The reason for this partial abandonment may be seen in a note authored by Rabbi Chaim of Volozhin regarding his mentor, the Vilna Gaon, "The heavens wished to give him, without any work or exhaustion, celestial secrets via angelic messengers… He did not raise his eyes to this. It was close to him, and he distanced it. I heard from his mouth that angelic messengers often rose early to his door, desiring to convey to him secrets of Torah without any work, and he did not turn his ear to them at all." (Introduction to Safra d'Tzniuta)

The Vilna Gaon understood that we are not meant to be recipients of free gifts; that which comes to us without labour is, in the terminology of the Zohar, nahama d'kisufa, bread of shame. As Adam and Chavah were instructed to work in the Garden of Eden despite its Divine bounty, so we are meant to draw our insights from the strain of our minds, not from prophetic communication. [Perhaps this is why we tend to feel greater satisfaction with the fruits of our labour than with the gifts we receive from others, as noted in Bava Metzia 38a.]

Our ancestors, standing on the edge of the Jordan River, were nudged from the nest like a young bird pushed forth by her mother. Certainly, there was an element of abandonment, but this was also a grant of independence critical to achieving our purpose.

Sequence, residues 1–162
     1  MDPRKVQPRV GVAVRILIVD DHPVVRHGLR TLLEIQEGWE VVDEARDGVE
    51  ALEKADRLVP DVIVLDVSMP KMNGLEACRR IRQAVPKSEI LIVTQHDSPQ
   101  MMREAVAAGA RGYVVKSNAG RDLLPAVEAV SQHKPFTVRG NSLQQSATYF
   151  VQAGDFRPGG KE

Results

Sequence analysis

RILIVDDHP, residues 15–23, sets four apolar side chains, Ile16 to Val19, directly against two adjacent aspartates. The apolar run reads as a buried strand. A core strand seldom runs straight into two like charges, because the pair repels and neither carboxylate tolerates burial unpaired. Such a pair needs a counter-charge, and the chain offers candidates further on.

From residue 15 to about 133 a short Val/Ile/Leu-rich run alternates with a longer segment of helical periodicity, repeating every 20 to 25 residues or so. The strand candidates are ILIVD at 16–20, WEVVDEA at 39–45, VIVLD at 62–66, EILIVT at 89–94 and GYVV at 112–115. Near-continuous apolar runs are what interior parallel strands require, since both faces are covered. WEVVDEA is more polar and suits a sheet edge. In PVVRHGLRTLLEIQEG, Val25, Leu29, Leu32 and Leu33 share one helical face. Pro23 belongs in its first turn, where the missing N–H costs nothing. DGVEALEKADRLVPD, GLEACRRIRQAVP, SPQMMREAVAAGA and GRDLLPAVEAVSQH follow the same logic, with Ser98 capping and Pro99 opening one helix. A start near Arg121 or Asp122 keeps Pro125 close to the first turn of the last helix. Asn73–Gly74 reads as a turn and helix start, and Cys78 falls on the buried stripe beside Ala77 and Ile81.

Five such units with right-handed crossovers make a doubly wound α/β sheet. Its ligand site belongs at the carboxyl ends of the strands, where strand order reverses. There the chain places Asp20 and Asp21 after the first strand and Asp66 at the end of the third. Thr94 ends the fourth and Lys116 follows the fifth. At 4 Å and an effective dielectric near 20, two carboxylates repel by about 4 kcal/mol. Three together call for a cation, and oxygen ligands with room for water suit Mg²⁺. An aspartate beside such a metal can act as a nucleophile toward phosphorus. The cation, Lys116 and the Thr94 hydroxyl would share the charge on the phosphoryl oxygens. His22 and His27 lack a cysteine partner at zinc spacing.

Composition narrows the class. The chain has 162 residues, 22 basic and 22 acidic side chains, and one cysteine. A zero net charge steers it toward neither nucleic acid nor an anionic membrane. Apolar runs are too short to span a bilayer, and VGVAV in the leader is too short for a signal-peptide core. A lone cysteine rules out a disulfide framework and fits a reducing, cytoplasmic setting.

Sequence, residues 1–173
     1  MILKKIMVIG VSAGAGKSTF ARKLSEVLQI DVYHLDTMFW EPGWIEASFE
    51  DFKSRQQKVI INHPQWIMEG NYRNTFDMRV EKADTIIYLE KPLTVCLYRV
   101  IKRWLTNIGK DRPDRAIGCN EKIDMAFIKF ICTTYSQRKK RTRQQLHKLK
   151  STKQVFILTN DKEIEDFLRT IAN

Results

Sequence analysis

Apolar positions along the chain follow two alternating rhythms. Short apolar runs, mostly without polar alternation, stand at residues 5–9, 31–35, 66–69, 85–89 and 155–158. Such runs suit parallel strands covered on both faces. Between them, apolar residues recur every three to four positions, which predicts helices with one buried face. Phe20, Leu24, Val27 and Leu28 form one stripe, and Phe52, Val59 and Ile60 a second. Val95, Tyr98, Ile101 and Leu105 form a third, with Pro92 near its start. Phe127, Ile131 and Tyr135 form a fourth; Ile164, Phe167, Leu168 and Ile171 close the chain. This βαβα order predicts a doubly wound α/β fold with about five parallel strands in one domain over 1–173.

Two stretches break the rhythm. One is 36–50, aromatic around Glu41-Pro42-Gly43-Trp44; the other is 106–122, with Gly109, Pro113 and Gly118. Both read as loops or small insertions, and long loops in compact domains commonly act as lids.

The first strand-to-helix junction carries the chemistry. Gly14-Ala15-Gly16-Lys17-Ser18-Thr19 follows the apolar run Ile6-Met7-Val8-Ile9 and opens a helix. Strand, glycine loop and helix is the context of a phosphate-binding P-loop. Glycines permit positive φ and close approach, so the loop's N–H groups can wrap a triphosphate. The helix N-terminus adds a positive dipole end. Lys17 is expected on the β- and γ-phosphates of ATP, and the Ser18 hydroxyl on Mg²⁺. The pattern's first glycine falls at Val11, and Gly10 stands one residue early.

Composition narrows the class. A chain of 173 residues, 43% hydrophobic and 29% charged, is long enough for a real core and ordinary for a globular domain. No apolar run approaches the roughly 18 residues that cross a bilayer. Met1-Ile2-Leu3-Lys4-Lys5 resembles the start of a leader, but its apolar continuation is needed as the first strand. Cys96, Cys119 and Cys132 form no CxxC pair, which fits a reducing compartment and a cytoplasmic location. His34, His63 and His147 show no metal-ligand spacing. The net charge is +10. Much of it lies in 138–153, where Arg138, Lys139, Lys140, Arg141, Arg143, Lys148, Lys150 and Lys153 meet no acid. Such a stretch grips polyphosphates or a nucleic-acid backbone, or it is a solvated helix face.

Expanding this idea further, we may say the same for the gift of Free Will which is mentioned several sentences subsequent in our parshah (Devarim 30:19). Certainly, our religious lives would be more productive were G-d to take charge, but we are meant to work for our greatness. And as with scholarship, the one who works for his personal purification is promised Divine aid. (Yoma 38a)

In both our studies and our general religious lives, may we merit to struggle and to be rewarded with Divine assistance, and to earn a ketivah vachatimah tovah.

Tuesday, September 11, 2012

The Vilna Gaon, the Maggid, and the Work Ethic of a Talmid Chacham

[Interesting: Shana Tova Parking Tickets at Life in Israel]

[Note: "Maggid" in the title of this post refers to an angel who comes to teach a person Torah. It does not refer to an itinerant preacher.]

A friend led me to the passage below today, and I knew instantly that I needed to translate this for others to read. There is much to learn here; it comes from Rabbi Chaim of Volozhin's introduction to the Vilna Gaon's Safra d'Tzniuta, available at here. I have appended the Hebrew at the bottom, but there is more to see in the original.

He [the Gaon of Vilna] did not gain satisfaction other than from the work he did in wisdom and intellect and ability and after much strain, when Heaven had mercy upon him and wellsprings of wisdom were revealed to him, secrets of secrets and hidden things inside hidden things, this was for him a gift of Gd. Other than this, he did not want them, even though the heavens wished to give him, without any work or exhaustion, celestial secrets via angelic messengers, masters of secrets and officers of Torah. He did not raise his eyes to this. It was close to him, and he distanced it. I heard from his sacred mouth that angelic messengers often rose early to his door, desiring to convey to him secrets of Torah without any work, and he did not turn his ear to them at all.